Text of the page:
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Architects remain upbeat, despite slump in workloads

Fears of a UK recession following this month's slowdown in the US economy have done little to dent the profession's confidence in its prospects, architects reported last week.

Practices across the UK revealed a bullish stance despite latest figures which show a 25 per cent slump in workloads from mid 1999's 10-year high and an 18 per cent decline in new commissions in the past year. 'Our practice has never been busier and we are looking to recruit more staff, ' said Alan Dunlop of Glasgow-based Gordon Murray and Alan Dunlop Architects. 'We are even looking at moving into development and building an office for ourselves.'

RTKL partner Ken Christian agreed: 'There's no sense of panic.We haven't felt any particular strain right now.'

Analysis of practices' optimism by Mirza and Nacey Research also revealed hope for the economy and showed that just 13 per cent of large offices and 23 per cent of small practices expect workloads to fall during 2001. 'There's no likelihood that we will see a massive fall in workloads and there's no sign of a recession at this stage, ' said Aziz Mirza.

Construction Confederation economist John Stewart was also confident. He said growing consumer confidence, rises in real household incomes and anticipated falls in interest rates all bode well for architects. 'Assuming the US authorities take action to stop a real collapse, there shouldn't be a problem, ' he said.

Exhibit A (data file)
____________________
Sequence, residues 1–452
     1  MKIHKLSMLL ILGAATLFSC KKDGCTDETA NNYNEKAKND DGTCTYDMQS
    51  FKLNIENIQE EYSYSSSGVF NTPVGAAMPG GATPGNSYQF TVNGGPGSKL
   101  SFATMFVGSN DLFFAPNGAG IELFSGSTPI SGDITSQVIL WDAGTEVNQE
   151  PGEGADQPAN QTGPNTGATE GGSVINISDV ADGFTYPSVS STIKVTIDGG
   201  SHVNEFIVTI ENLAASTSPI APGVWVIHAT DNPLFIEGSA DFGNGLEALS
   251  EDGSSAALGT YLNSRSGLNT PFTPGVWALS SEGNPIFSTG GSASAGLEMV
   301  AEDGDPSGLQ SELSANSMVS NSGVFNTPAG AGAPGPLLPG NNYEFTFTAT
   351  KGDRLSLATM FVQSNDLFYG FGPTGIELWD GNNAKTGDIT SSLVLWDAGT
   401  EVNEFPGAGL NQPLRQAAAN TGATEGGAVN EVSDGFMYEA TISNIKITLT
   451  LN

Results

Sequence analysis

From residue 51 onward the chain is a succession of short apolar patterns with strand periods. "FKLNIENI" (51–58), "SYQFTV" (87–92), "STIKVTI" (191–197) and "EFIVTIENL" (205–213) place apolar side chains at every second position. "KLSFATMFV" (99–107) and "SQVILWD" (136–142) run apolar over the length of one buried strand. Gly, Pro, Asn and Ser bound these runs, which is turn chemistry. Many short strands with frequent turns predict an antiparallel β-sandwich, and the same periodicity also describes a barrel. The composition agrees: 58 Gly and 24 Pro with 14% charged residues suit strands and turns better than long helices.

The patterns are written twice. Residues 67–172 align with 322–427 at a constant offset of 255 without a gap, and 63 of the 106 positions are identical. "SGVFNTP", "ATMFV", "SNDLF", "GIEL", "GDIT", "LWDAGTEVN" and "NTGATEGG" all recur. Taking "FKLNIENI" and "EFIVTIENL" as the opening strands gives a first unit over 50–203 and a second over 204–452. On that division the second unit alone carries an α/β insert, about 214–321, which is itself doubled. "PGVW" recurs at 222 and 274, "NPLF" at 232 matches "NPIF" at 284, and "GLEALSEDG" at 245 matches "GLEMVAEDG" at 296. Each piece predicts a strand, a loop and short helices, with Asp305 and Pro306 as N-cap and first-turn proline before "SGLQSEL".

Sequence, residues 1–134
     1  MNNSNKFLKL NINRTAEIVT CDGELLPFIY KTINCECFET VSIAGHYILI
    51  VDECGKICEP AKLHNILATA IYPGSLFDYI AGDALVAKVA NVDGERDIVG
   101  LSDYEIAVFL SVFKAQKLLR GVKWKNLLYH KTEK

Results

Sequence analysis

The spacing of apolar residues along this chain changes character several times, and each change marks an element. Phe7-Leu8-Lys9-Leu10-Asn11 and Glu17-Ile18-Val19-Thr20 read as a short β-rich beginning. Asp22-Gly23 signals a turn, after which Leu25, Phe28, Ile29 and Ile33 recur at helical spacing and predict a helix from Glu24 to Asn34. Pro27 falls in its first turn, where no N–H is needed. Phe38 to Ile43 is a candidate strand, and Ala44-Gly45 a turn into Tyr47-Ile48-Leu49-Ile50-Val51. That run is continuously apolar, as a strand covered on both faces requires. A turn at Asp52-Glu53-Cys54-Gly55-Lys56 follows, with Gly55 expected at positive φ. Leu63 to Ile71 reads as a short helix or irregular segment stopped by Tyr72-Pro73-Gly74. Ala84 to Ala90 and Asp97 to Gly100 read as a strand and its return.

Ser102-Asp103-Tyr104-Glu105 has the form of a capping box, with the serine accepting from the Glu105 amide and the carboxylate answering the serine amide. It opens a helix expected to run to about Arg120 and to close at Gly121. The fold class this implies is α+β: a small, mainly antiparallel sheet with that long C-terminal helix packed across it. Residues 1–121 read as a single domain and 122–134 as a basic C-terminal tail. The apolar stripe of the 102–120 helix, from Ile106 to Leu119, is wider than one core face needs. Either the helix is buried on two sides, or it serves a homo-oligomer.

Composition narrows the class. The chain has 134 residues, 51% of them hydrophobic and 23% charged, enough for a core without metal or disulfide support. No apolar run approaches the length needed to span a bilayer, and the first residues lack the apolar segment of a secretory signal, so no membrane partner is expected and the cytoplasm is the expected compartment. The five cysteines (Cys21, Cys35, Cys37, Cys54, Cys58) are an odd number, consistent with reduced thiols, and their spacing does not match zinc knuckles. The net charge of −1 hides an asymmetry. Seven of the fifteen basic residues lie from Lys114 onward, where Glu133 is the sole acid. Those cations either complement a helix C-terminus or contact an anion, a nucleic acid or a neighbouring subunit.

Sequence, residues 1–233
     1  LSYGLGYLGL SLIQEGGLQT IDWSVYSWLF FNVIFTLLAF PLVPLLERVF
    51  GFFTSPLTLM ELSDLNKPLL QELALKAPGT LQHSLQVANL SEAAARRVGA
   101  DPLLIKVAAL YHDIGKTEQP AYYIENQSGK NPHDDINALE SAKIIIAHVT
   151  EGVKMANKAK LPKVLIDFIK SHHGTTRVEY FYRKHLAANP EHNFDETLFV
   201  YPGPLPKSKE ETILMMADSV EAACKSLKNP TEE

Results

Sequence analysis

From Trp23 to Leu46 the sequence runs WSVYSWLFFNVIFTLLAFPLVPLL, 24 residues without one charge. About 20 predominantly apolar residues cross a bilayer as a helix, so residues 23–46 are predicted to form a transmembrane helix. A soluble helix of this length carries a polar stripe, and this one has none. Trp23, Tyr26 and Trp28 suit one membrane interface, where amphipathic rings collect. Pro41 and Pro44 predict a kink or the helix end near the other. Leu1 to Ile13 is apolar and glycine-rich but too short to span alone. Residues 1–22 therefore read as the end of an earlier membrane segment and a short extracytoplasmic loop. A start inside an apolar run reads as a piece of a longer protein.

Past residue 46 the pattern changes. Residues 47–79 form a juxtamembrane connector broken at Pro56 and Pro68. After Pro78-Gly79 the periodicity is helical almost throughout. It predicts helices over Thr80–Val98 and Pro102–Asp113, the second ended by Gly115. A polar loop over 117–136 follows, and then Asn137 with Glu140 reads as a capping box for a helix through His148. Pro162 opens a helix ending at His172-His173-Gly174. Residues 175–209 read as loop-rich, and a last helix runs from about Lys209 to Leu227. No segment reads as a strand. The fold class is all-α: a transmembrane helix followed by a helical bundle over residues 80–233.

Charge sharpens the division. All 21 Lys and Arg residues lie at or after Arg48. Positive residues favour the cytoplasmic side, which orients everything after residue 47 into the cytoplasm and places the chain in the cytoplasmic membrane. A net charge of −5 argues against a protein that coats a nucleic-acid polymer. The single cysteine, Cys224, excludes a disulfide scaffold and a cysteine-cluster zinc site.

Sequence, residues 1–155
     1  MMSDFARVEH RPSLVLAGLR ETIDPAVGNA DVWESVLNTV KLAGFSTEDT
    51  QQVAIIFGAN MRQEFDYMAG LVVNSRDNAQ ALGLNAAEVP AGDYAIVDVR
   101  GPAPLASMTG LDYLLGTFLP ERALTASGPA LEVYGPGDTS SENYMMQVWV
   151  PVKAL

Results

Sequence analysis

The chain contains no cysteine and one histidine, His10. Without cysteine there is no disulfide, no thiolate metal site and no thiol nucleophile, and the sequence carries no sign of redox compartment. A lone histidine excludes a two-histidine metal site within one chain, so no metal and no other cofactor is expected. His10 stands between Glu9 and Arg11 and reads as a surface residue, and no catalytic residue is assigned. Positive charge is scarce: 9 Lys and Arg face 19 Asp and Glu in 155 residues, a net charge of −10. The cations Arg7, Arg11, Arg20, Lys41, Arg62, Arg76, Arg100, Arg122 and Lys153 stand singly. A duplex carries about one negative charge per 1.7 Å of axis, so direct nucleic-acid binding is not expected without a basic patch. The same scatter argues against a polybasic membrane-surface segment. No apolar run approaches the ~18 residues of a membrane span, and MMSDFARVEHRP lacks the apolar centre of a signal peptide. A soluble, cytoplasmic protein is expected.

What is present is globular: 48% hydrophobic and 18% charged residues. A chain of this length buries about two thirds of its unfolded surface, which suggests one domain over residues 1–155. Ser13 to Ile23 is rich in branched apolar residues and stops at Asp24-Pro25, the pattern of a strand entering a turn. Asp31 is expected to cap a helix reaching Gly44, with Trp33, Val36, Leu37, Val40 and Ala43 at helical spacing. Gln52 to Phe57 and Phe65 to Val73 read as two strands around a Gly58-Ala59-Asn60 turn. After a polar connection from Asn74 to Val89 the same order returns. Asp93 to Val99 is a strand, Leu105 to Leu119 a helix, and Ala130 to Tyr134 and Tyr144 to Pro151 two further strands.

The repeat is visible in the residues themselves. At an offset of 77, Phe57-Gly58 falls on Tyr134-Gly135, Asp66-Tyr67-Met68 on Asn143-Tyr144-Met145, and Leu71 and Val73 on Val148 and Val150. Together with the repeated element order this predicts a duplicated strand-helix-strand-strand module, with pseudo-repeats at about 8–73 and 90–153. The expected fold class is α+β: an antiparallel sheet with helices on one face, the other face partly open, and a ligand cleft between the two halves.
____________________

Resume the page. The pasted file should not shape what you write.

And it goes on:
Others, though, have already noticed the first signs of the boom's end. Munkenbeck & Marshall partner Stephen Marshall said: 'I'd say it has slowed down a wee bit, mainly in terms of the number of people calling up. Developers are tied up finishing what they've started and getting it sold.' He said that redundancies were not likely and that any contraction in staff would happen through leavers not being replaced.

Many architects are nervous about recession after the slump of the early 1990s hit them hard.

During the recession of the early 1990s Munkenbeck & Marshall's staff shrank from 23 to just four.

'After the last recession, it's never out of architects' minds when the next will be, ' said Lifschutz Davidson partner Ian Davidson.

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